I was once at a cocktail party and had grown so passionate and righteous that I literally cornered a guy (the type I like to call WIWL: Well Intentioned White Liberal) and pointed my index finger at him, jabbing the air to punctuate my points, particularly the one in which I said "What are YOU doing to end racism in this country!"

WIWL did not hear me. I didn't call him a racist directly, but everything else about our interaction clearly indicated that if I was in a forced-choice exercise (racist/anti-racist) that I would have slotted him in the big "R." The glass-half-full part of me would like to think that I managed to get into his head, somewhere and somehow. And that maybe, just maybe, this will get him to re-think some of his positions--or at the very least to realize that he is going to get called out on racist bullshit like saying "I don't understand why black people have separate churches and can't go to a regular church like everyone else." AGHHH!!!!!! But more likely what I did was shut down the conversation because all he heard was "this woman is calling me a racist."

So what should we do? It's hard to hate the racism and not the racist, but it IS important to do that if we want to engage in effective anti-racist practices (and cornering someone and pointing your finger at them is NOT effective--it is hard for me to practice what I preach, I admit. I'm trying though...I really am). But if anyone else has any practical strategies for dealing with these scenarios, I'm sure everyone is all ears (or eyes rather).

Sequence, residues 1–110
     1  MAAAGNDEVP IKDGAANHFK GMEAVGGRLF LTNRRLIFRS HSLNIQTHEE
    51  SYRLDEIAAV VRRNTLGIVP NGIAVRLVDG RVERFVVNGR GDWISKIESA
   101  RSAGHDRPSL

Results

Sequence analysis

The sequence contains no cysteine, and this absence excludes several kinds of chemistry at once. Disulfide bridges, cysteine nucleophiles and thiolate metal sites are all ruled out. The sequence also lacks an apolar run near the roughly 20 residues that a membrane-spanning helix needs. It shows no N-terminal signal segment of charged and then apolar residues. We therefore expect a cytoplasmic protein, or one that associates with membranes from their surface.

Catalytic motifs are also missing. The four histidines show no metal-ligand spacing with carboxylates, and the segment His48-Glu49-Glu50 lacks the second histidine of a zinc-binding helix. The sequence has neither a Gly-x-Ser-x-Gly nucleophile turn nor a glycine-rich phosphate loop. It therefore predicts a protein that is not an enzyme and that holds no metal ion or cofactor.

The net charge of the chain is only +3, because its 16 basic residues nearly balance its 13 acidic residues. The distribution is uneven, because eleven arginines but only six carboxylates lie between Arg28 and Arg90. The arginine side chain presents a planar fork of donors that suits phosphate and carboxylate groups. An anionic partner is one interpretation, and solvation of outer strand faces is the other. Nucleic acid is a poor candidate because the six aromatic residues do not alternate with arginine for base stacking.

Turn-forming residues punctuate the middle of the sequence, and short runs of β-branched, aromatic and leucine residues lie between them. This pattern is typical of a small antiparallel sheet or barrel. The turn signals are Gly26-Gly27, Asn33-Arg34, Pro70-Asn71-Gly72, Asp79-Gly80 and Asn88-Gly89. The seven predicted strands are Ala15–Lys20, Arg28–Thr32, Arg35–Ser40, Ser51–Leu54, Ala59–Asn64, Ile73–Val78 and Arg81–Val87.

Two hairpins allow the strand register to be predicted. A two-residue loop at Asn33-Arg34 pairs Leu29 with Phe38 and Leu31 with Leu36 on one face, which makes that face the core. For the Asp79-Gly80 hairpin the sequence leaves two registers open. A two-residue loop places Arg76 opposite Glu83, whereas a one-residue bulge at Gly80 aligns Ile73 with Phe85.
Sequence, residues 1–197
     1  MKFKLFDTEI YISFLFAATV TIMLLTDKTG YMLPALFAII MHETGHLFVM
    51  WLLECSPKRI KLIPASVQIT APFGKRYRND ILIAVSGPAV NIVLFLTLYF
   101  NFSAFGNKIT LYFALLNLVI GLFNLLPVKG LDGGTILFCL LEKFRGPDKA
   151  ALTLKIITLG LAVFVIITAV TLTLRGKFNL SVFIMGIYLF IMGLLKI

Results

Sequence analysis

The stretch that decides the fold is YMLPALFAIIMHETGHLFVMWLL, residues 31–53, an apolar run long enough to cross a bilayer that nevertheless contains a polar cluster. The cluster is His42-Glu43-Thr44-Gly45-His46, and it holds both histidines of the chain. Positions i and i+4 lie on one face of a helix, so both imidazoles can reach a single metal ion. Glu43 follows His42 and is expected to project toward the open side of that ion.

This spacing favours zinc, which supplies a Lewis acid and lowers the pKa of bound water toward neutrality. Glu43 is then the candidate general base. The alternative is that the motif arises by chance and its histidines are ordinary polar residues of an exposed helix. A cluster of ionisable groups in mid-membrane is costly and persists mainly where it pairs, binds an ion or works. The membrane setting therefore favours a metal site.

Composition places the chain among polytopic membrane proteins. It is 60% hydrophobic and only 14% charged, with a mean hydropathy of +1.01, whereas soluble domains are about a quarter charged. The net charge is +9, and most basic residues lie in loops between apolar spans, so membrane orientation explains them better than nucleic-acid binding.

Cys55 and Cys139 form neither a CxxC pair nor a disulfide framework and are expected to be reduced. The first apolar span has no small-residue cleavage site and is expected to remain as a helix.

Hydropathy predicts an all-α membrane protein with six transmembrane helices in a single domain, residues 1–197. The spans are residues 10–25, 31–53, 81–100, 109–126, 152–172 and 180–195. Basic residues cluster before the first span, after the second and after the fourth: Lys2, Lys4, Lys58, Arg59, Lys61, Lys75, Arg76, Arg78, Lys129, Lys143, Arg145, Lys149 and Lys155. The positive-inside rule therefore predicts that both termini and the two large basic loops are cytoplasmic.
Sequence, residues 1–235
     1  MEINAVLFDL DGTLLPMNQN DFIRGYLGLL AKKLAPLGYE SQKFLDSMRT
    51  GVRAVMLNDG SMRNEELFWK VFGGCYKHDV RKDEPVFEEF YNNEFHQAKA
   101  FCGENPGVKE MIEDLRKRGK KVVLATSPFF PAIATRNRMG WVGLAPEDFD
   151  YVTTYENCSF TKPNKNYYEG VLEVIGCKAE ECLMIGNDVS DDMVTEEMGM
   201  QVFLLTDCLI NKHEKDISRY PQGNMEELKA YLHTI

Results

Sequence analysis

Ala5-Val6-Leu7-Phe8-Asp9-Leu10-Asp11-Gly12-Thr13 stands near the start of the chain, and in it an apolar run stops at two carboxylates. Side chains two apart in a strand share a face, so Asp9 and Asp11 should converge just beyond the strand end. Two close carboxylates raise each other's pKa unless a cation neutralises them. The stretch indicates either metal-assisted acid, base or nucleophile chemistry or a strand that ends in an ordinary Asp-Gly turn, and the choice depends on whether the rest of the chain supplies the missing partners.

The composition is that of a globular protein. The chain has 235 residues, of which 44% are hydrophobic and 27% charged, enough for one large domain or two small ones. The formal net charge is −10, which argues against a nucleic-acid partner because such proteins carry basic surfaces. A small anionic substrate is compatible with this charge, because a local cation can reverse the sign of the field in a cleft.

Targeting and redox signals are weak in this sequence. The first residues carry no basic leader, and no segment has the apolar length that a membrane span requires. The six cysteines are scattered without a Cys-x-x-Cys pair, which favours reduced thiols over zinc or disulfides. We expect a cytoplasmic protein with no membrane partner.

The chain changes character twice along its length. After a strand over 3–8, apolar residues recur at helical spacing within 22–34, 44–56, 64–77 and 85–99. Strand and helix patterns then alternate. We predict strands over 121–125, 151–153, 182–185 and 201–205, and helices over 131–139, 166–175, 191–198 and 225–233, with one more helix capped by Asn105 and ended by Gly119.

[BTW: If anyone is confused about how I am using terms like "racism" and "anti-racist practice" you can look to one of the sidebars that breaks down key selections of previous posts on issues of race (as well as mixed-race and Asian American issues) or you can go to this previous post "Defining Racism."]


Evan Carden said...

My advice, from the one time I feel I was actually helpful, instead of standing around like a lump, I made sure that all the communication was in writing. Obviously not helpful at parties, but you might try e-mail exchanges, then sitting down with them to discuss it. With speech, there's too many ways things can be misheard on both sides.

The problem is that people usually hesitate to write things they'd say without hesitation, just because writing makes them see it, not just think it, before it goes out into the world...

Well, that's not real helpful actually.

Jennifer said...

Thanks for finding your way to this blog (I noticed you left 2 other comments and I'll get to those in a bit).

I think you are right--that writing often keeps us honest. The difficulty in this case was that it all happened so quickly. And perhaps that is part of the answer--that I should have been better at de-escalating things by slowing down.

To be a bit fair to myself, I didn't set out to make this guy feel bad or back him into a corner. It all started out friendly and cocktail party-ish. And then it turned.

So what do we do when things turn? That seems to be the question. And perhaps, slowing down internally is what I should have done. Excused myself to get a drink and then come back in a more calm manner to discuss things.

I appreciate your suggestion--perhaps next time I can figure out a way to put my thoughts down in written form and to have that kind of communication, which would slow things down as well as provide a more thoughtful (and accountable) forum for our thoughts.